E: With the help of reporter Martin Sixsmith (Steve Coogan), an the title character (Judi Dench) tries to locate the son taken away from and shipped off to America for adoption fifty years before. Based on the true story documented in the book The Lost Child of Philomena Lee, written by the real life Martin Sixsmith. As directed by Stephen Frears, it looks funny and moving in the best way.
M: Dench and Coogan are very good.
E: That’s all you have to say? I suppose it is British and so to near your reviled royals…
M: Would you prefer I say “I don’t have time for unfunny crap like this”? And I don’t revile them, I simply don’t care.
Doctor Who: The Day of the Doctor 3D
M: Ok E, you can’t throw something like this in here and not put any info with it. What is this!!!
E: A celebration of Dr. Who’s 50 years, of course! It’s the one night theatrical release of the BBC special film, which includes extra content for theaters (and, of course, 3D). David Tenant, Matt Smith, Billy Piper and Jenna Coleman are listed as stars.
M: Not sure I’ll make it to the theater for it, but woo-hoo!
E: I know what you’re thinking, but this contemporary adaptation of Langston Hughes’ classic play might not quite be it. It’s a Christmas story for sure, but about the reconnection of a family rather than a birth in a manager. Academy Award winners Forrest Whitaker and Jennifer Hudson lead a cast that includes Angela Basset, Tyrese Gibson and Mary J, Blige.
M: I don’t think you did know what I was thinking.
E: Ain’t that the truth! In case you are interested in the actual plot, a struggling single mom (Hudson) sends her son home to her estranged parents for the Christmas season. Her father (Whitaker) is a Reverend putting on a Christmas extravaganza at his church. Music and heart-warming ensue.
E: Looking for something to do with the kids over Thanksgiving weekend? Well, here you are. There’s a weird/cute snowman. There’s a medieval (?) village and mythic forces trying to keep it in perpetual winter.
M: How is it that you’re not leading with Veronica Mars herself, Kristen Bell, as the lead voice? Or that Alan Tyduk (of Firefly and Dodgeball) is another of the main voices? Or that there’s a reindeer or something that acts like a dog, and looks pretty funny.
E: Actually, I hadn’t checked the voice cast, though that makes me quite happy now that you’ve pointed it out. I’ve seen posters with the snowman at my local multiplex for months; the people don’t really look like they belong in the same movie with him, but I’m willing to be won over. It’s one of our fun traditions, seeing the latest animated movie on Thanksgiving weekend (started when I was a teen taking C to see The Little Mermaid) and I hope this one will be worth the trip.
M: Jason Statham squares off against James Franco in an utterly stupid looking suspense-action movie about an undercover cop and his elementary school daughter who get mixed up with a backwoods, small-town meth dealer and some local’s bully of a son. The set up for the plot, at least in the trailer, is so mind-numbingly bad, and the remained of it so action movie-formula, it make me wonder how actors of the quality, or at least stature, of Statham, Franco, Kate Bosworth, Winona Ryder and Clancy Brown got involved. Especially after having just read through the list of actors that turned down both the male and female lead roles in the next movie, Oldboy.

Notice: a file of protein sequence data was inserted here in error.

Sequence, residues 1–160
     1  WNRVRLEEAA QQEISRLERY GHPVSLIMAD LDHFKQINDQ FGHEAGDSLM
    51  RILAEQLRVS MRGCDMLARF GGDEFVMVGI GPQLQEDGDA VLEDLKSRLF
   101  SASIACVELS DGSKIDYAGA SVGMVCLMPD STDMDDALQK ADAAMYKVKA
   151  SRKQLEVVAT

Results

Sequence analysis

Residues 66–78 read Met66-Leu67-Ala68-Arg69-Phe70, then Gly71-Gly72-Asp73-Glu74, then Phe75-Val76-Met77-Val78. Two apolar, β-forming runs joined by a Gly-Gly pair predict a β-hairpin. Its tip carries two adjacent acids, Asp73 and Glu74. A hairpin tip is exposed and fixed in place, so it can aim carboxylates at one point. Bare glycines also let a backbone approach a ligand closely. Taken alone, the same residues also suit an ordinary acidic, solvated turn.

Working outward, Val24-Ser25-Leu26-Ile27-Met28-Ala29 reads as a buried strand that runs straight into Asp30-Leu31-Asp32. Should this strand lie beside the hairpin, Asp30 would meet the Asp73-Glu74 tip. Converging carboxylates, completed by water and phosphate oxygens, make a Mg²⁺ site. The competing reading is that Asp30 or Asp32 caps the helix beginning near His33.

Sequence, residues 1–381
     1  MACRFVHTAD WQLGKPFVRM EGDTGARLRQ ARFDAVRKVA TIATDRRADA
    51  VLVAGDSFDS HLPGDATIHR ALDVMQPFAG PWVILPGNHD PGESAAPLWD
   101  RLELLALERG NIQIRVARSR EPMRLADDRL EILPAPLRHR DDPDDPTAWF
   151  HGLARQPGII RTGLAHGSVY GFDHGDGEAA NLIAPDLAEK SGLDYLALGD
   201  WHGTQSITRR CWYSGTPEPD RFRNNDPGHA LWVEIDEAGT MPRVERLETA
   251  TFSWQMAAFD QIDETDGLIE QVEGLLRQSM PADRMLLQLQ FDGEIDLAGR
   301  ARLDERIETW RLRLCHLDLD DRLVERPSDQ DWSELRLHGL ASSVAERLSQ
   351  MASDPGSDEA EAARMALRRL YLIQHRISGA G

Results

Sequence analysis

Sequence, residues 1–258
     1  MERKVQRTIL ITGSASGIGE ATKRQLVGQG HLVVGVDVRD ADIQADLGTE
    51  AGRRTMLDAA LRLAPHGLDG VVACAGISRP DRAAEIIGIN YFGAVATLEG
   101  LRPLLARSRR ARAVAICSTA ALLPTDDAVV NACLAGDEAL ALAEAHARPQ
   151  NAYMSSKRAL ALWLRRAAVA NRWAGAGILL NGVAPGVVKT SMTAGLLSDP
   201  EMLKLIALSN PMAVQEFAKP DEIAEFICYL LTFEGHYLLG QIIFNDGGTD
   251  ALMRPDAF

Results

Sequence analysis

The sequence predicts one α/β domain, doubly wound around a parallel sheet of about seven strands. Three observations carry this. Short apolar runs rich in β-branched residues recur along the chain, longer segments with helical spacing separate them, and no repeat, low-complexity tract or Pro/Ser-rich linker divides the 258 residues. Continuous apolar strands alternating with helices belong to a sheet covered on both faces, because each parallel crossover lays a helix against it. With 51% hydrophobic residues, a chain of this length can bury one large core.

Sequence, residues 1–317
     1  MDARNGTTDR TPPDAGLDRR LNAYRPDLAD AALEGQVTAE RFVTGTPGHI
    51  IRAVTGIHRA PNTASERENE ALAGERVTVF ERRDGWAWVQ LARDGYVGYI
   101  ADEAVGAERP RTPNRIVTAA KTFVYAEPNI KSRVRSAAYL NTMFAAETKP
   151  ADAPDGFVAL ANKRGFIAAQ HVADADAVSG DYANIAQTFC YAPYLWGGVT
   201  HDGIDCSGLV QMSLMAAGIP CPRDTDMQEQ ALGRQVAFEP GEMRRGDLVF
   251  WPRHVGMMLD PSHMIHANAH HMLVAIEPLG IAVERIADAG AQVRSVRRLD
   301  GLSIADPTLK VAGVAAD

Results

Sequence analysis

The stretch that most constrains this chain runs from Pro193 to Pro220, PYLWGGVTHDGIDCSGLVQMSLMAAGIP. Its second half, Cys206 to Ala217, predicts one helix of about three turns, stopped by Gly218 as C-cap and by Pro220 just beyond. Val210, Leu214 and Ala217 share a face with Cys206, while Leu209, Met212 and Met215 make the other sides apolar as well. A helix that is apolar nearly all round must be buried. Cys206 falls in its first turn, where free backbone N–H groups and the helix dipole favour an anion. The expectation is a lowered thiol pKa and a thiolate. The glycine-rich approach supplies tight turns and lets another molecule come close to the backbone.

E: Oh, I don’t know. There’s Franco – who is weird and unpredictable – but other than him, I don’t think the rest of the supporting cast can write their own tickets. Does it actually surprise you that Clancy Brown would appear in a bad movie? Like Winona Ryder has so much going on right now that she can afford to be choosy?
M: I’ll admit, I was mostly thinking of Franco and Bosworth, also the quantity of big or at least big-ish stars for something that looks so bad.
M: Spike Lee directing Josh Brolin in a remake of a South Korean tale of of a man who is kidnapped, framed for his wife’s murder, then after 20 years released to seek vengeance, try to save his daughter, and maybe do some dirty work for the people who kidnapped him. Looks like he may also decapitate Samuel L Jackson along the way. Looks bloody, twisted, and no fun at all.
E: Blech. Not a big fan of Brolin to begin with, and you’re doing an excellent job of not selling the rest of it.
M: Then my work here is done. Let’s move on to the next film.
Out of the Furnace
E: Another grim tale of the working class with a terrific cast. Christian Bale stars as a steel mill worker who spends his off time caring for his terminally ill father, when his life is upending when his Iraq war vet/criminal brother (Casey Affleck) disappears. In true Batman style, Bale seeks vengeance. Also starring Forest Whitaker, Zoe Saldana, Woody Harrelson, Sam Shepard and Willem Dafoe.
M: Poor Casey Affleck, almost always the screw up brother who gets in trouble.
E: Hopefully his real life is much calmer than his type-casting would suggest!
Mandela: The Long Walk to Freedom
E: Here’s the second of this fall’s two Mandela (related) biopics, this one starring the amazing Idris Elba as the inspiring leader.
M: As our readers could probably tell in the past preview with the Winnie Mandela story, I’m a sucker for Mandela bio-pics, or just about any story about the fight against apartheid, going back to The Power of One. Throw K’naan’s “Waving Flag” over the trailer? You’ve totally got me.
E: I love that song so much; there’s generally something about African choral music that I find incredibly moving. The Power of One soundtracks sits very high on my all-time favorite list. Which makes me think; for anyone who can’t wait, Invictus is an amazing Mandela/anti-apartheid story, too.